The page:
As the Portland City Council prepares to adopt its 2020-21 budget at a virtual session beginning at 2 pm today, Commissioners Jo Ann Hardesty and Chloe Eudaly both announced proposals for deeper cuts to the Portland Police Bureau, including significant layoffs.

Speaking to reporters prior to the meeting, Hardesty presented a plan that, in addition to the previously announced end to school and transit police and the Gun Violence Reduction Team, would reduce the Special Emergency Reaction Team (what many police agencies call their SWAT team) by eight members and shift cannabis tax funding away from the bureau.

In all, Hardesty proposes reducing PPB staffing by 107 employees.

Of that number, 55 would come from vacancies that are currently unfilled, but 52, Hardesty said, would require an actual head-count reduction. That could come through retirements or layoffs.

Hardesty proposes to redirect the savings to a variety of programs, most notably Portland Street Response, a new program that would send a two-person civilian team of a community mental health worker and an EMT to 911 calls that involve neither a medical emergency nor a report of a crime being committed. Previously, Hardesty and Mayor Ted Wheeler had pushed for a pilot program of one two-person team; now, she says, the hope is for six such teams.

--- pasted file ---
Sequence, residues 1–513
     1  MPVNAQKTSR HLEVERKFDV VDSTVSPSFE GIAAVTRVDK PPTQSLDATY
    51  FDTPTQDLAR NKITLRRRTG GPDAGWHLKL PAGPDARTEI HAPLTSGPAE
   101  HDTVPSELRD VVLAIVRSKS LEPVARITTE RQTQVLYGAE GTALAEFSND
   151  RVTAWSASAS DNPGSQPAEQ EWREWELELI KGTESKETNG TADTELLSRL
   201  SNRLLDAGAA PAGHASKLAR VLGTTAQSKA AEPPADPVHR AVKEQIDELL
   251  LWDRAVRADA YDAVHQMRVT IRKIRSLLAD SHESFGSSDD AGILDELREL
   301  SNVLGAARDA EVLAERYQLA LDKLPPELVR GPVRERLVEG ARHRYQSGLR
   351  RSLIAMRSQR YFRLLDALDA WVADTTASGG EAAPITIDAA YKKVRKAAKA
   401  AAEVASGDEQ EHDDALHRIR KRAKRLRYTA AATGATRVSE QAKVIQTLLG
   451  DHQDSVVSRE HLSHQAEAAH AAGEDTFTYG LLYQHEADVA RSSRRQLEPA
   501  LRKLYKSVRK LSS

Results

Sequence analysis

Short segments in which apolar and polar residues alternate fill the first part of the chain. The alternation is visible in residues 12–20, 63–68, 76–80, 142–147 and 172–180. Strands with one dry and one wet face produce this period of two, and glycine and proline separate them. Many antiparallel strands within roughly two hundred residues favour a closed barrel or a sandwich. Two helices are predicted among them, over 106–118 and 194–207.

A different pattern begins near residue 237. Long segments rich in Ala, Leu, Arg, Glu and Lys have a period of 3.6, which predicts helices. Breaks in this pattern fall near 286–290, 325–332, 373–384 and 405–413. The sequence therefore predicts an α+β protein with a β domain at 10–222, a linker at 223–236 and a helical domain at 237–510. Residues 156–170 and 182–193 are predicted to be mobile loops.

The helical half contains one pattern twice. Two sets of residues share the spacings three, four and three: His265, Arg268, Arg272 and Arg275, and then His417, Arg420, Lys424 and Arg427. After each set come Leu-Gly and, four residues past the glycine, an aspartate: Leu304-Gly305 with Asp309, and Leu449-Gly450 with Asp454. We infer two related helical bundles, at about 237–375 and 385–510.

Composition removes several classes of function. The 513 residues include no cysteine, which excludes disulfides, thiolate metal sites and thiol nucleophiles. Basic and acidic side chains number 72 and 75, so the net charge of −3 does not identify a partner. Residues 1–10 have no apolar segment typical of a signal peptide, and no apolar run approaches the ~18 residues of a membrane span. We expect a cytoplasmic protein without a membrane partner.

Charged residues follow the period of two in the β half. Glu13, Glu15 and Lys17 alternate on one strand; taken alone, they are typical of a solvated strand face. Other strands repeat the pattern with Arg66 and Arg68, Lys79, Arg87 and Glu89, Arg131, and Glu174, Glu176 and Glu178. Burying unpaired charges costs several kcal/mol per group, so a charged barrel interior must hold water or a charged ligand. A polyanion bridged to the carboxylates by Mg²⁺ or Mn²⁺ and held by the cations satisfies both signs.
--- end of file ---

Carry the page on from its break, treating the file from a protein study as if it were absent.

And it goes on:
Here's what her proposal (which includes two line items from Commissioner Amanda Fritz that would fund a tribal liaison and provide additional funding to the city's Office of Equity and Human Rights) looks like:

Commissioner Eudaly earlier today released a list of proposed cuts that are slightly different from Hardesty's but add up to about the same total savings.

Both commissioners chose larger numbers than Wheeler. The mayor announced earlier this week he'd like to redirect $12 million from city bureaus—including $7 million from the Police Bureau's $244 million budget—to programs benefiting communities of color. It is unclear whether Wheeler and Fritz will support Hardesty and Eudaly's proposals.

Hardesty told reporters she does not favor eliminating the Police Bureau, as some advocates have proposed. She said she would like to see the agency transformed by hiring and training officers differently and reimagining how they interact with the community.

"I don't think abolition is the solution," she said. "What the community wants is a police force that excels at deescalation. The big problem we have is, we train our officers as if they were going into military action."